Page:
Research has revealed that the Akt and ERK pathways are involved in the CCR7-induced migration of tumor cells [36–39], and we also detected increased activation of ERK1/2 and p-Akt in KYSE410 and Eca9706 cells after treatment with CCL21. To identify whether activated ERK1/2 and Akt were responsible for the up-regulation of MUC1 induced by CCL21, the ESCC cell lines was pretreated with the corresponding specific inhibitor. The results showed that inhibiting the activation of ERK1/2 could significantly suppress the transcription of the MUC1 gene, and Koga T et al. also reported the up-regulation of MUC1 induced by the TNFR-mediated activation of ERK1/2 in lung cancer cells . Though Liao G et al. reported that the EGFR-mediated activation of the PI3k-Akt pathway could promote the transcription of the MUC1 gene , in this study, inhibiting the activation of Akt1 by MK2206 did not remarkably affect the expression of MUC1 in vitro.
Although our work proved that activated ERK1/2 was responsible for the increased transcription of MUC1 induced by CCL21-CCR7, the downstream signaling pathway is still unclear. Previous studies have revealed that the binding of SP1 to the MUC1 promoter at −99/−90 is crucial for the transcriptional regulation of MUC1 gene, and the phosphorylation of SP1 by ERK1/2 could alter its binding affinity to the promoter of certain genes, such as VEGF and erbB2, for transcriptional regulation [42, 43]. Therefore, we assumed that the ERK1/2-Sp1 pathway is involved in the up-regulation of MUC1 gene transcription induced by CCL21-CCR7. Correspondingly, we found increased phosphorylation of SP1 at T453 and subsequent increases in Sp1 binding to the MUC1 promoter at −99/−90 after treatment with CCL21 in KYSE410. And inhibiting the activation of ERK1/2 remarkably suppressed the phosphorylation of SP1 at T453 and the binding of SP1 to the MUC1 promoter. All of these evidences indicated the involvement of the ERK1/2- SP1 pathway in the CCL21-induced expression of MUC1.
In conclusion, our study confirmed the role of MUC1 in lymph node metastasis induced by CCL21-CCR7 in ESCC and elucidated the possible phosphorylation of the ERK1/2 and Sp1 pathways in the regulation of MUC1 by CCL21-CCR7. Our results may help elucidate the molecular mechanism of lymph node metastasis in ESCC and offer a theoretical basis for targeted therapy.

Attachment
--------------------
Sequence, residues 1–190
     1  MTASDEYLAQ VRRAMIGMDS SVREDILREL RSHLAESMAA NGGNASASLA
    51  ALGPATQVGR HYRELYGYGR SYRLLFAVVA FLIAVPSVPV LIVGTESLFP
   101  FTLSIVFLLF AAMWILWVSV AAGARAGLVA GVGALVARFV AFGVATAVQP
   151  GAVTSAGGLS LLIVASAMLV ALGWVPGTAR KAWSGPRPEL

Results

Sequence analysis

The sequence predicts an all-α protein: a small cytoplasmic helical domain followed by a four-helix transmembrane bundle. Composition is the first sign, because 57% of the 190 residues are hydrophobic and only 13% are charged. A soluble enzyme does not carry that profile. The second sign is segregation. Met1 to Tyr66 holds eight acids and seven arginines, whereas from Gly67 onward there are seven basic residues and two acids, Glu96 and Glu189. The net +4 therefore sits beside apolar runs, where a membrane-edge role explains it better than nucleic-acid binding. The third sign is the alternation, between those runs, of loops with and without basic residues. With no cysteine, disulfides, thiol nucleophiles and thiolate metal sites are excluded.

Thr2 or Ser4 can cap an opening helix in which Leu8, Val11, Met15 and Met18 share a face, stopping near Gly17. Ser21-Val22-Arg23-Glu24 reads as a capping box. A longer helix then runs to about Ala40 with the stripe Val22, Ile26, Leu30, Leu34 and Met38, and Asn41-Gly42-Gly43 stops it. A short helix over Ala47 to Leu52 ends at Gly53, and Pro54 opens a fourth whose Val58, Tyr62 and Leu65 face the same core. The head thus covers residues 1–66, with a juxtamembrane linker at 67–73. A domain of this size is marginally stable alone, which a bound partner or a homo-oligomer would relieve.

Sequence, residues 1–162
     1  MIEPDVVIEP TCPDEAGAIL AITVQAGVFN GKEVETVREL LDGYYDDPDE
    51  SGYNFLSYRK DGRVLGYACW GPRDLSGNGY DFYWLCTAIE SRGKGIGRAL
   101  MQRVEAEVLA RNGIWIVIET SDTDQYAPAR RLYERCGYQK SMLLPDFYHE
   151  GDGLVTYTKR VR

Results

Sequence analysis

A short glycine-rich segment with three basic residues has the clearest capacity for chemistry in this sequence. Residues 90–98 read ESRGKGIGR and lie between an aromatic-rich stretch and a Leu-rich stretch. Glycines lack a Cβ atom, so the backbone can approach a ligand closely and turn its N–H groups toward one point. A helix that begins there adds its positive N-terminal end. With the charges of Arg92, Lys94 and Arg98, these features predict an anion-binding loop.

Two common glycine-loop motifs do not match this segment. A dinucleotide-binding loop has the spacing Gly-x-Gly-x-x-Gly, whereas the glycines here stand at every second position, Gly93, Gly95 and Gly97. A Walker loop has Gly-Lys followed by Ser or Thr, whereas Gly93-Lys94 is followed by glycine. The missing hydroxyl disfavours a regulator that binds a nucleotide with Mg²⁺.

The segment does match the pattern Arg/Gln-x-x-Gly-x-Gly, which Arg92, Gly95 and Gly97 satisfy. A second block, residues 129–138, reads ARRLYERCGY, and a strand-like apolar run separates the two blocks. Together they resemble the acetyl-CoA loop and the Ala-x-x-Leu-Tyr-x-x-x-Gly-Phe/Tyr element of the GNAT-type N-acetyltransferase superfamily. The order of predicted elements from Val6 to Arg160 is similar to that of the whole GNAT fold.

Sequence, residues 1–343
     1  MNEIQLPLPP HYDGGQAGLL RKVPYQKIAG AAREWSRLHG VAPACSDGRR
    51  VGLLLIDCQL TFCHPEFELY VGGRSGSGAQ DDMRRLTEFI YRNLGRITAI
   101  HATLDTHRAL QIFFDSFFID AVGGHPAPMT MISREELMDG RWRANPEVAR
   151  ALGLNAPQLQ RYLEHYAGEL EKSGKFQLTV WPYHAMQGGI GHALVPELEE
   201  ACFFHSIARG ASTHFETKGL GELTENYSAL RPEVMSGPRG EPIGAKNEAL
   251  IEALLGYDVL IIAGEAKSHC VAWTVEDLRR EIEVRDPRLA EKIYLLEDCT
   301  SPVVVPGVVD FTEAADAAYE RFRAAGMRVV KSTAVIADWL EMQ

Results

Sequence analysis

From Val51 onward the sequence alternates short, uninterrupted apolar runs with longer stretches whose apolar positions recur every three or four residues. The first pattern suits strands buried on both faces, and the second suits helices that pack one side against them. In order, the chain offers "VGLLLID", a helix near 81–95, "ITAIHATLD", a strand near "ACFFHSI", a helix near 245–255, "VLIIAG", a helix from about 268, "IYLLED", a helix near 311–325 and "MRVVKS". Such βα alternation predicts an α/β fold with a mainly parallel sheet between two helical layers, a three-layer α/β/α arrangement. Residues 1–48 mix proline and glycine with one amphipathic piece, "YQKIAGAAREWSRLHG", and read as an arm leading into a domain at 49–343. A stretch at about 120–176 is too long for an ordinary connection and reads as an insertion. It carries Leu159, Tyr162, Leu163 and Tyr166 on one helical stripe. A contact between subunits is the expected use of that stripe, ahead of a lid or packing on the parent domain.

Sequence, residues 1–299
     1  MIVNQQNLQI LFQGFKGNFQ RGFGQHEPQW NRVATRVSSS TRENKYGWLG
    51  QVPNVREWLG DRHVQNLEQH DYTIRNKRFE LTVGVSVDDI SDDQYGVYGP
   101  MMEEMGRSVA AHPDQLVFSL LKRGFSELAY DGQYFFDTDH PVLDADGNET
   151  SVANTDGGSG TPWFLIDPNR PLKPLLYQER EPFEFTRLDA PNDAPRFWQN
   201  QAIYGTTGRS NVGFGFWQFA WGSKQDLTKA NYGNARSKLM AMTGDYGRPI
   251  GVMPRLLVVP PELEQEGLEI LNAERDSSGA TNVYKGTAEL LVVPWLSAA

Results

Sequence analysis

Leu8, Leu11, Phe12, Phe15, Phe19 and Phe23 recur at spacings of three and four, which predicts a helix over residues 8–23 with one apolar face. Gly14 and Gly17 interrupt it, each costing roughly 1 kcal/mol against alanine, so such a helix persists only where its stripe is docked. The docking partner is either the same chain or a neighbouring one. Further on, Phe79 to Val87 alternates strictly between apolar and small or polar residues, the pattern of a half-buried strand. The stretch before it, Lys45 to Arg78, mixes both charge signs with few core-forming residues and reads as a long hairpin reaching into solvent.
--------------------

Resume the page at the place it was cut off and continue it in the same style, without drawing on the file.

Ethics, consent and permissions
This study was carried out in strict accordance with the recommendations in the Guide for the Chinese Ethics Review Committees. The protocol was approved by the Ethics Committee of Provincial Hospital Affiliated to Shandong University.
C-C motif chemokine receptor type 7
C-C motif chemokine ligand19/21
epithelial mesenchymal transition
esophageal squamous cell carcinoma
cell surface associated mucin1
reverse transcription polymerase chain reaction
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The authors appreciated the help from the Department of Thoracic Surgery, Pathology Department and Central Laboratory of the provincial hospital affiliated to Shandong University.
This work was supported by grants from Natural Science Foundation of Shandong Province (2014ZRB14125) and Natural Science Foundation of China (No. 81172161).
The authors declare no conflict of interests.
SM participated in the design of the study, performed the experiments and draft the paper. CD and YD performed the experiments and analysed data. LXY conceived of the study, and participated in its design and coordination and helped to draft the manuscript. All authors read and approved the final manuscript.
About this article
- Esophageal Squamous Cell Carcinoma
- Lymphatic Metastasis
- Esophageal Squamous Cell Carcinoma Cell
- Esophageal Squamous Cell Carcinoma Patient
- MUC1 Expression